How to Write Anything: a Complete Guide by Laura Brown is not really about how to accomplish every kind of writing there is. It’s a guide to what I call technical writing. Ms. Brown covers personal writing, like holiday newsletters, wedding announcements, and complaints, school writing which includes everything from note-taking to lab reports and essays, and business writing. She also discusses writing online.
What does this great book have to do with creative writing? Ms. Brown states in her introduction that all this technical writing can be accomplished by dividing the process into six parts: purpose, reader, brainstorm, organize, draft, and revise. I think those six sections work for creative writing, too.
- Purpose — Why are you writing a particular piece? Is it to entertain yourself? Share a message with others?
- Reader — What reader is your writing aimed at? Yourself? Friends? If you want to be published, you must know the audience you are writing for. Publishers expect you to know that information and tailor your work to your readers.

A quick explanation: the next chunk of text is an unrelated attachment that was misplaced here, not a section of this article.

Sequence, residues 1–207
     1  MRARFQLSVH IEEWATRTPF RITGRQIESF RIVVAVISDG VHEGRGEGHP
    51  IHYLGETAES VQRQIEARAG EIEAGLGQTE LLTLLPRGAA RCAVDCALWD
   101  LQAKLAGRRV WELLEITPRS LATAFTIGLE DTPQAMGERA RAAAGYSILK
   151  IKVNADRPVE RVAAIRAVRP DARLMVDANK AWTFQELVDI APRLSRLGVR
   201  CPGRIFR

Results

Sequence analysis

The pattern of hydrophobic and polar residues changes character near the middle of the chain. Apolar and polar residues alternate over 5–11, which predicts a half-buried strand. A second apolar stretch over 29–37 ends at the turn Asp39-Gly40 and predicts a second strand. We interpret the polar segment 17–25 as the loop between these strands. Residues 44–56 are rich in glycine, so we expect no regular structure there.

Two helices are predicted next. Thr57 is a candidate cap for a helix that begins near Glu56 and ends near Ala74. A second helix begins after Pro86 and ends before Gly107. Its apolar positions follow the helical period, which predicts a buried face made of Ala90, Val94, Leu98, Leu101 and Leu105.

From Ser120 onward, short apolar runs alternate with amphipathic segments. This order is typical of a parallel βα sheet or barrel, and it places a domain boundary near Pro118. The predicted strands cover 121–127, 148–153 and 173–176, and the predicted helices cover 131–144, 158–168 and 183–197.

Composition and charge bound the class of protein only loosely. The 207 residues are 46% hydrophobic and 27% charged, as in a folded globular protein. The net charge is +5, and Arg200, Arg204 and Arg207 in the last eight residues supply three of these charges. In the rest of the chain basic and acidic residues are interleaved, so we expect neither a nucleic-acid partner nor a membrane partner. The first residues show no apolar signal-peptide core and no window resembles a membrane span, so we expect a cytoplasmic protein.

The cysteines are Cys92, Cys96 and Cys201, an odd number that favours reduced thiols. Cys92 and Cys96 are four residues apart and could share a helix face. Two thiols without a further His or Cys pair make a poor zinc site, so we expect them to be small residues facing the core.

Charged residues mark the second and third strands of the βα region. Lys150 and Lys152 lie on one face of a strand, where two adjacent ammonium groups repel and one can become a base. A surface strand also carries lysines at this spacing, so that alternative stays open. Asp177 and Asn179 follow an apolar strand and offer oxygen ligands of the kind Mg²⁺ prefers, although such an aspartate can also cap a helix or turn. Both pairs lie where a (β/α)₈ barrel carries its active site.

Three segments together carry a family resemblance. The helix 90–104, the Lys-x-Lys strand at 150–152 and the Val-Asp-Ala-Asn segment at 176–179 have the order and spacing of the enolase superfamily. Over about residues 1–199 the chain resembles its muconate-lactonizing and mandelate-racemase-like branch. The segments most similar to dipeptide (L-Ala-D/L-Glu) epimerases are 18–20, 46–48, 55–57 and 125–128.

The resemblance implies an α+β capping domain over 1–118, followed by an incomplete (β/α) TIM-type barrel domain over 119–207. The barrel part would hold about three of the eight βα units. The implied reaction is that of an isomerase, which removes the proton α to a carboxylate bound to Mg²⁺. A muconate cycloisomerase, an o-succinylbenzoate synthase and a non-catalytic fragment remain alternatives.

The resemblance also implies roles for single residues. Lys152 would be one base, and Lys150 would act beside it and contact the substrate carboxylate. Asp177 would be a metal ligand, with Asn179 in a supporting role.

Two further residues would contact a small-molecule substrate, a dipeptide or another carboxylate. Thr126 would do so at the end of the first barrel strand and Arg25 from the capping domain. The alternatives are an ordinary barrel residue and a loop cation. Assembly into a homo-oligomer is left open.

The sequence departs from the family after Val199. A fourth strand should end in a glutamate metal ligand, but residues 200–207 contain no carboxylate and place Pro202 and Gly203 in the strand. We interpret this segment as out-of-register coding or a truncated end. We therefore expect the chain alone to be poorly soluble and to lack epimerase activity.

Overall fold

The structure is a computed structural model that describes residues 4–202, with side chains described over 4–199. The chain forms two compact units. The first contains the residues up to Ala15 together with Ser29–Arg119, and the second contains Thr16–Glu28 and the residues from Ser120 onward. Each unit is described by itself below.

- Brainstorm — Everybody knows what this means. I will add I sometimes think of great ideas and then believe I will remember them. When it comes time to write them down, I forget what they were. So write down your brainstorming ideas.
- Organize — This may take many forms when you are writing creatively. Some people work best with a detailed outline and others may need to jot down just the significant plot points and write to connect those dots.
- Draft — Pull your brainstorming and organization together in a first draft.
- Revise — Always review and rewrite. Even if it’s just a cute poem for a friend to celebrate her birthday, review and rewrite. Very, very few writers, and I’m definitely not one of them, write something great the first time.
This process will serve any writer well for any kind of writing. If you need examples of technical writing, check out How to Write Anything. I found much of the advice about writing online especially helpful.
Ms. Brown writes in Chapter 2 that a person doesn’t have to use the process in the order listed above but should consider all the parts sometime during writing, if he has the time. I think creative writers should always consider all six parts for every piece of writing.
Does this process sound like it would work for you? Maybe you already have a productive writing process. Let me know what it is. I am always ready to learn!